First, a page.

About the Author: Adrian

Author and writer of more than fifty books, teacher, lecturer, explorer of consciousness, avid windsurfer, and lover of outdoor activities. He’ll write mostly about windsurfing on fin and foil, spot reviews, and camping equipment.
2 Comments
  1. Marco February 24, 2023 at 6:22 pm - Reply

    Hi Adrian, this article hits me right in the heart. I am a windsurfer for 40 years now ( I am 50 years), and windsurfing (and now windfoiling and wingfoiling) is a important part of my life. Or should I say it’s my life. Surfing for me is a challenge, to keep pushing myself, it’s keeps me fit and young, but also a way to calm down, and ’empyt my head’.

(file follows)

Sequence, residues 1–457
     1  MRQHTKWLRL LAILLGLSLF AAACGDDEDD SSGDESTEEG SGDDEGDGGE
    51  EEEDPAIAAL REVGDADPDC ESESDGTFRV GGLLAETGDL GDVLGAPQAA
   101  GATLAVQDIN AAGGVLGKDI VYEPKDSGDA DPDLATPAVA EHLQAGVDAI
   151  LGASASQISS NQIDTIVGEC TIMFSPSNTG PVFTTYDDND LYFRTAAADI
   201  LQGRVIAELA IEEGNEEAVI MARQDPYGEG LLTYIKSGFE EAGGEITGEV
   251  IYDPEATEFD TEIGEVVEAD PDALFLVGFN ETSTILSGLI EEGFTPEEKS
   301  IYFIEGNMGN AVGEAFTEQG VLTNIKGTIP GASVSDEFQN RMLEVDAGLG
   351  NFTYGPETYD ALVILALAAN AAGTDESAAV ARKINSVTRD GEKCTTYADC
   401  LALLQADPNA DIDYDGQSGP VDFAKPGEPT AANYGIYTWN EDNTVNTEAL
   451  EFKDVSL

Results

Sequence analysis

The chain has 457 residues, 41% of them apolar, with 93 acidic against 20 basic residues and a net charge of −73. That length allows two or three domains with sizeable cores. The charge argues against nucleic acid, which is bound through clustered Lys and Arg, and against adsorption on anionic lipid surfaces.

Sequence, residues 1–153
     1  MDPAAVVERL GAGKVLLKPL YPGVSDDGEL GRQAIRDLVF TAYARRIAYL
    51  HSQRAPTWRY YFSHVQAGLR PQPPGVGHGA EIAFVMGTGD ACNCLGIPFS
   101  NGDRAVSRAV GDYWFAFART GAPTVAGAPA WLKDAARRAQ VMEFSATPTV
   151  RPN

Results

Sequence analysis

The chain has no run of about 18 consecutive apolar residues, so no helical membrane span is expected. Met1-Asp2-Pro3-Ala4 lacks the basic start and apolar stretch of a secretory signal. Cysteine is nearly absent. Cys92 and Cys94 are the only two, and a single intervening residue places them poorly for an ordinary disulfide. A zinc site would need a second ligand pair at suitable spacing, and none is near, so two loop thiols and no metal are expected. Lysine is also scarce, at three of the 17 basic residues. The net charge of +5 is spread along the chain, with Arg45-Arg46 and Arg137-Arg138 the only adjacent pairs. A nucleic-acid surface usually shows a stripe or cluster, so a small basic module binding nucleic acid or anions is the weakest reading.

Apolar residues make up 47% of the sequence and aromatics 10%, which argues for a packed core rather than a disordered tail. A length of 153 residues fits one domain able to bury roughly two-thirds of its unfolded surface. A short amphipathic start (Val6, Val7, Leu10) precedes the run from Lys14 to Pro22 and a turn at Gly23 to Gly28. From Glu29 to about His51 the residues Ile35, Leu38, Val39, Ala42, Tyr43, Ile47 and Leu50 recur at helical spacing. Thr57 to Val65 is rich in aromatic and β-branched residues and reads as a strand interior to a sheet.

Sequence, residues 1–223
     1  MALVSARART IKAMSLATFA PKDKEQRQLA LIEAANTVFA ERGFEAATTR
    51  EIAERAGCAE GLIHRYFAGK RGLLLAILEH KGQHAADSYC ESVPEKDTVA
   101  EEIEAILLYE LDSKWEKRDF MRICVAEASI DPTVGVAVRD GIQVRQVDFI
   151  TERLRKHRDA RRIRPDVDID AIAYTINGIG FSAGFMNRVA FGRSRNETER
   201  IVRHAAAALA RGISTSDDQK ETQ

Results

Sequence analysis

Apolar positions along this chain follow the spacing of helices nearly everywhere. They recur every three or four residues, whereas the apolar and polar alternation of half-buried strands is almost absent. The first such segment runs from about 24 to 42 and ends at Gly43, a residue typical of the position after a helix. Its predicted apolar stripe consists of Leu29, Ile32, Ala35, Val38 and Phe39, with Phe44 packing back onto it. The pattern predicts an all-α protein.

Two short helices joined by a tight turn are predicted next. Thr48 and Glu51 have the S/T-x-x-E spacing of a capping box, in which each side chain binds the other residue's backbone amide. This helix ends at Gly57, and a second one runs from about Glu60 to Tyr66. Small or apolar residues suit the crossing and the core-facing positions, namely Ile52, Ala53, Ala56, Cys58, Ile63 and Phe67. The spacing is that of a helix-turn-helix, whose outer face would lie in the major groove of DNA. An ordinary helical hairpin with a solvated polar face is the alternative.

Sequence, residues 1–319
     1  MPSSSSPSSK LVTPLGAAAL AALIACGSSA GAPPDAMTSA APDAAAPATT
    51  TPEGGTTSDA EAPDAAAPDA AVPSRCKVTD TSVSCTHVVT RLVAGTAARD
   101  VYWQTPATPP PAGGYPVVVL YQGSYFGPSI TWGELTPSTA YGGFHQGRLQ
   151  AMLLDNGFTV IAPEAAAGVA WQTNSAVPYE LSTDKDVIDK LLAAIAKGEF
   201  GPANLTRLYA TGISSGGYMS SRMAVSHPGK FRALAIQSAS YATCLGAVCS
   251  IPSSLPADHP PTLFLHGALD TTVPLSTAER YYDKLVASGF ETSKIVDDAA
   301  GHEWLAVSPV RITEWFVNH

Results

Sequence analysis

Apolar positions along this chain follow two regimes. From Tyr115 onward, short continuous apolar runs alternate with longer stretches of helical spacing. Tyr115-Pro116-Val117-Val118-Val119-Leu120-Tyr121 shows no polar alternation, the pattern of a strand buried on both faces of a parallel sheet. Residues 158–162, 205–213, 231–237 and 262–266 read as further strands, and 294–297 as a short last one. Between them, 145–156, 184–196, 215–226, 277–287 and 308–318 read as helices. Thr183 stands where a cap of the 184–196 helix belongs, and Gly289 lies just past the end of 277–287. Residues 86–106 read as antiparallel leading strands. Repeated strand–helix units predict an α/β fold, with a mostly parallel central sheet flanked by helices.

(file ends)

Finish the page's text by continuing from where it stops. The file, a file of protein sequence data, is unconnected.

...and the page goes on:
With calm weather I catch myself going into a kind of meditation position and becoming completely zen and everything goes by itself. That’s that flow.

    With windfoiling and wingfoiling, I really experience a new dimension. Even more quiet en the feeling of being able to fly (may be you have read this article as well: https://www.windfoilen.nl/en/wind-foiling-feeling-able-to-fly/)

    Keep on going to spread the word!

    Regards, Marco

    • Adrian February 25, 2023 at 8:55 am - Reply

      Hi Marco,
      Thank you for your comment. It’s always good to find a kindred soul. Your article reflects my feelings about windfoiling. I started two seasons ago and felt exactly the same “excitement buster” you are writing about. A kind of renewal of falling in love with windsurfing again. And, yes, the “zone” entrance (“like flying”) is much quicker and more relaxed.